[Liwg-core] Rain-snow repartitioning

Bill Sacks sacks at ucar.edu
Wed Jan 11 15:31:27 MST 2017


Thanks for your thoughts Bill and Jan.

I did a quick literature search, which turned up the attached papers. I have given these only the briefest of skims, mostly looking at the figures, but they suggest to me that – for the land surface as a whole – the current ramp from 0 - 2 C is more physically justifiable than a -2 to 2 C ramp. In fact, if anything, the ramp should be shifted more in the positive direction – say from 0 - 3 C. Someone else should look at these more closely to make sure I'm interpreting them correctly. There's still the possibility that the relationship could be different over the ice sheet, I suppose, as well as the possibility that we can acknowledge that we're making this change in order to get good answers despite lack of physical justification....

Bill S




> On Jan 11, 2017, at 3:09 PM, Lipscomb, William Henry <lipscomb at lanl.gov <mailto:lipscomb at lanl.gov>> wrote:
> 
> Hi Bill S.,
> 
> You raise some good questions.  I think the answer to (1) is yes.  We would be exchanging an excess of snow for an excess of rain.  My reasoning would be that it may be better to get the right answer (good SMB) for the wrong reason (excessive rain) than the wrong answer (poor SMB) for a different wrong reason (excessive snow).  Either way, we have too much precip, and we’re tuning to limit the damage.
> 
> A subtlety, though, is whether the recently improved precip is causally related to colder temperatures.  If so, then the knobs we’re using to reduce precip are not very effective knobs for reducing SMB.  Do others have thoughts on this?
> 
> As for (2), I’d expect that in warmer climates we’ll see more rain.  With modified repartitioning, we'd be starting from a different preindustrial baseline, with the usual caveats about possible differences in climate sensitivity when you have a different baseline.
> 
> I haven’t looked at Antarctica.  Maybe Jan and Leo have?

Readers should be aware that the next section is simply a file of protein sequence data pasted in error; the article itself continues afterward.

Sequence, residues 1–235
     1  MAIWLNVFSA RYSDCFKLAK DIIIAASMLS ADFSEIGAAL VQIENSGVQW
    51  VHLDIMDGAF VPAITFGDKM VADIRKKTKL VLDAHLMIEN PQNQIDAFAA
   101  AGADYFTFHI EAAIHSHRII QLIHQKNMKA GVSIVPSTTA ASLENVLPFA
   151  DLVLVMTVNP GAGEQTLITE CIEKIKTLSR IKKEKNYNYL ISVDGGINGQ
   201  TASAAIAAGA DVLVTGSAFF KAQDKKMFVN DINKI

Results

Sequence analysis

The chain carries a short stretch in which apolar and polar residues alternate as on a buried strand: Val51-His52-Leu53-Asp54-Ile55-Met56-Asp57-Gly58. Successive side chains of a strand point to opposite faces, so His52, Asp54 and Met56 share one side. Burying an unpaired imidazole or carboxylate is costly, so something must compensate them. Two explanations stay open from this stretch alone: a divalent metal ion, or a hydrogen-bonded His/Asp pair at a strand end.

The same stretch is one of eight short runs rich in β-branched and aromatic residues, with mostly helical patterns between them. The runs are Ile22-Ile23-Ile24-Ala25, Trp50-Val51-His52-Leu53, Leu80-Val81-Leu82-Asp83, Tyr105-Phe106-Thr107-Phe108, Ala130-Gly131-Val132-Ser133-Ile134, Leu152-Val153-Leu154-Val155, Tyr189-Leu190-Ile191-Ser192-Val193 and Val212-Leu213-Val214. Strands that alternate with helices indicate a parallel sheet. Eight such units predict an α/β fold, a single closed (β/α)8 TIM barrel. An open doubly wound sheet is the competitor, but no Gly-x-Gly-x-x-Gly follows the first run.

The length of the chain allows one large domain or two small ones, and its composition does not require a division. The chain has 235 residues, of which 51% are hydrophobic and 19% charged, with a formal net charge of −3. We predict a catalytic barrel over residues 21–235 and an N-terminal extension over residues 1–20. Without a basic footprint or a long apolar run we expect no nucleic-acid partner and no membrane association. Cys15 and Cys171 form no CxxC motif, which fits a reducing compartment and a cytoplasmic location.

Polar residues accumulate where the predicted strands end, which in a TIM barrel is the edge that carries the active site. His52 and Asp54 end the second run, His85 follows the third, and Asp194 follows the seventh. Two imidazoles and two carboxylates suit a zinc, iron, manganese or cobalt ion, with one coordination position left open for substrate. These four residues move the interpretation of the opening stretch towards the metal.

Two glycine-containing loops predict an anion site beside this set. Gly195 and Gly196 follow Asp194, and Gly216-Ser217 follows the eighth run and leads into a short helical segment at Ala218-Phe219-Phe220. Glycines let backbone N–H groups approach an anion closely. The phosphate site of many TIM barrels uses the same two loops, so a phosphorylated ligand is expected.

> 
> Thanks,
> 
> Bill L.
> 
> 
> 
> 
> 
>> On Jan 11, 2017, at 2:39 PM, Bill Sacks <sacks at ucar.edu <mailto:sacks at ucar.edu>> wrote:
>> 
>> Hi all (just including LIWG folks here),
>> 
>> I was just giving Bette a recap of our discussion on rain-snow repartitioning, and this raised a couple of questions for us:
>> 
>> (1) For Greenland, is it correct that a change to the rain-snow partitioning would lead to more rain, which is a degradation relative to observations – but that Jan and Bill L feel we can (and should) live with this degradation in order to boost the melt?
>> 
>> (2) Particularly if (1) is true: Since it feels like this achieves the right answer (net SMB) for the wrong reasons (too much rain): Has any thought been given to whether this makes sense in a climate change (future or paleo) world?
>> 
>> (3) Has anyone looked at what this change to rain-snow partitioning does over Antarctica? We want to be sure that we're not substantially degrading the Antarctica SMB from this change....
>> 
>> Thanks,
>> Bill S
>> _______________________________________________
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> 
> ---
> William Lipscomb
> Los Alamos National Laboratory
> Group T-3, MS B216
> Los Alamos, NM 87545
> 505-667-0395
> 
> 
> 
> 

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